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What New Jersey’s Aid-In Dying Law Means for Estate Planning

The state of New Jersey recently passed the Medical Aid in Dying for the Terminally Ill (MAID) Act. This law permits physicians to assist in the suicide of terminally ill patients following three requests by the patient to do so. To achieve physician assistance, one of the requests must be in writing. Following verification by a second physician, the treating physician can then prescribe medication for the rest of the patient’s life. While the law had controversial origins, it was later upheld by the New Jersey Supreme Court. While the law only directly impacts the state of New Jersey, it has implications for everyone in the country who is interested in estate planning.

 

New York’s Death with Dignity

 

The New York Medical Aid in Dying Act is currently under consideration by both the Assembly and Senate Committees.  If passed, New York’s law would require that a patient who requested aid in dying medication must be at least eighteen years old, a resident of New York, mentally capable of making and communicating health care decisions, and diagnosed with a terminal illness that will result in death within six months. A patient who meets these requirements will then only be prescribed medication if:

 

  • The patient verbally requests assistance from the doctor
  • The patient gives a written request to the doctor that is signed in the presence of two qualified adult witnesses
  • The prescribing physician and one other doctor confirm the patient’s diagnosis and prognosis
  • The prescribing doctor and on other physician determine that the patient is capable of making medical decisions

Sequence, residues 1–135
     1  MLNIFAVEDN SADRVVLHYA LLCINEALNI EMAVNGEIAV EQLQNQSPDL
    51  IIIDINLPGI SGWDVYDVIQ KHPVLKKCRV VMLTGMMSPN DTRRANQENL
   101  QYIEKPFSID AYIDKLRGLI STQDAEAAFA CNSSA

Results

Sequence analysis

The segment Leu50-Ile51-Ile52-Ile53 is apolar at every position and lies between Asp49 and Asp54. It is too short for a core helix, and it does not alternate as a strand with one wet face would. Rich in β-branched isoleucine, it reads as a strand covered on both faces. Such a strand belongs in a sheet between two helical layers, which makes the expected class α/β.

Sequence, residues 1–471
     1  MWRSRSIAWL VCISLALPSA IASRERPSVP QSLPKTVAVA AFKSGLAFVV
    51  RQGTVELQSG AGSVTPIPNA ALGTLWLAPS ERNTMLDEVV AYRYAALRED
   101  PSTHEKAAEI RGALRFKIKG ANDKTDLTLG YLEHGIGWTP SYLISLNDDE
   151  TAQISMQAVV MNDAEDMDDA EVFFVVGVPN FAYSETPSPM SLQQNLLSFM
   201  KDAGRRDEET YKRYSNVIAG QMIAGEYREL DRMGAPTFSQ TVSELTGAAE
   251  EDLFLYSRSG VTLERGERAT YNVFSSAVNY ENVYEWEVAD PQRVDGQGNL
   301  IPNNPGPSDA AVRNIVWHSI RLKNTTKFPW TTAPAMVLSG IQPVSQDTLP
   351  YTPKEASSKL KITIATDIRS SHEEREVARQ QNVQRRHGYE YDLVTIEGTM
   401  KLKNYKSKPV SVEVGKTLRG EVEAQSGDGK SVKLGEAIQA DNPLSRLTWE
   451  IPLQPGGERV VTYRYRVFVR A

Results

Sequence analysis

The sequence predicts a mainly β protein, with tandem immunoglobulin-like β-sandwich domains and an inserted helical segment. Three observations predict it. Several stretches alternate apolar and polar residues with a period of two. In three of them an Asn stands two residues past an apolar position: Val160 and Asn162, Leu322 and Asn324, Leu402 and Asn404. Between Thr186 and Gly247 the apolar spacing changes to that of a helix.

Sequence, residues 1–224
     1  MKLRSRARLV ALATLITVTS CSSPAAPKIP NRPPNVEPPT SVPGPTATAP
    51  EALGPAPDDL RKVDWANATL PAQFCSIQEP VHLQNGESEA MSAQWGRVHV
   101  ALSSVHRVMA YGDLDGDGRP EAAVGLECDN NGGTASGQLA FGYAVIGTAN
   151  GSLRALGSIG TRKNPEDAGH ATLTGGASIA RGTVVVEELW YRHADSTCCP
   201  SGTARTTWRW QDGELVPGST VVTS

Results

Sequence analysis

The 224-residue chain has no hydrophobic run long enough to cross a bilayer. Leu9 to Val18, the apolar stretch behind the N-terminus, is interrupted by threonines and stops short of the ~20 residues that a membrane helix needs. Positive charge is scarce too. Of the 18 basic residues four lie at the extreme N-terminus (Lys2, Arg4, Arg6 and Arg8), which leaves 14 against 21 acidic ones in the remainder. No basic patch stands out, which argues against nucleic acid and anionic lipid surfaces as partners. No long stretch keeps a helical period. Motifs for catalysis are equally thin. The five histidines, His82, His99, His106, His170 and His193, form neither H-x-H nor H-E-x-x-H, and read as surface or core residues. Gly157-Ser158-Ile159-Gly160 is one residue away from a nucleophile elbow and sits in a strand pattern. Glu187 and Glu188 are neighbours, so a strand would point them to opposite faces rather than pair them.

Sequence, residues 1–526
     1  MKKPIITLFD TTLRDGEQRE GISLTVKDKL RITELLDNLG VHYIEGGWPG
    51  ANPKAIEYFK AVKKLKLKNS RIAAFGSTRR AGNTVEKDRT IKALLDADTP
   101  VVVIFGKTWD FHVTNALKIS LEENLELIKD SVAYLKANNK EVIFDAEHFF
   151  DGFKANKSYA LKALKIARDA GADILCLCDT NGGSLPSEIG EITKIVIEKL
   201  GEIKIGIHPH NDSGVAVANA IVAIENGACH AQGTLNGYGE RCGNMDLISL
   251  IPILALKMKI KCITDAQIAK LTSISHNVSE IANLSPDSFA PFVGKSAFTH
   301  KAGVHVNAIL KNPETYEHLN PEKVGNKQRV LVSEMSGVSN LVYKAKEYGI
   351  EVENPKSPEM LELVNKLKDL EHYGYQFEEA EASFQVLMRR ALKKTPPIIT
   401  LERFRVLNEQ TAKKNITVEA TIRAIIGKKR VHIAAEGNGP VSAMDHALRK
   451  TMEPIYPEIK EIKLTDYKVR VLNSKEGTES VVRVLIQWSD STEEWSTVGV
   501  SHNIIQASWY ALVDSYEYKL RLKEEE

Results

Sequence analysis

• The patient receives a psychological examination if the patient’s judgment is believed to be impaired
  • The prescribing doctor confirms that the patient is not being coerced into making this decision
  • The prescribing doctor lets the patient know about any potential alternatives to medication
  • The prescribing doctor requests the patient notify their next of kind of the prescription request
  • The prescribing doctor offers the patient to chance to withdraw the request before granting the prescription

 

The Impact on Medical Professionals

 

Medical professionals are one of the most parties likely to be directly impacted by this new body of law. Medical professionals will likely be tested on whether new dying with dignity laws violate the Hippocratic oath. Some medical professionals also might face religious or spiritual challenges if suicide contrasts with their personal beliefs.  Besides these challenges, it also remains uncertain how informed consent will work in cases involving assisted suicide. 

 

What These New Laws Mean for Estate Planning

 

The issues that this new law creates for estate planning are not any less nuanced. There is the possibility of misuse of healthcare powers of attorney by individuals who want to receive an inheritance soon rather than later. Additionally, estate planning documents must be revised to consider what approach should be taken towards new death with dignity laws. Furthermore, there is the potential that timing issues can arise in estate planning when the time of death can be controlled. 

 

Speak with a Knowledgeable Estate Planning Lawyer

Our country has progressed substantially since the day of Jack Kevorkian, who advocated famously that dying is not a crime. It currently remains uncertain, however, how the role of assisted suicide in this country will change. If you need the assistance of an experienced estate planning attorney, do not hesitate to contact Ettinger Estate Planning today to schedule a free case evaluation.

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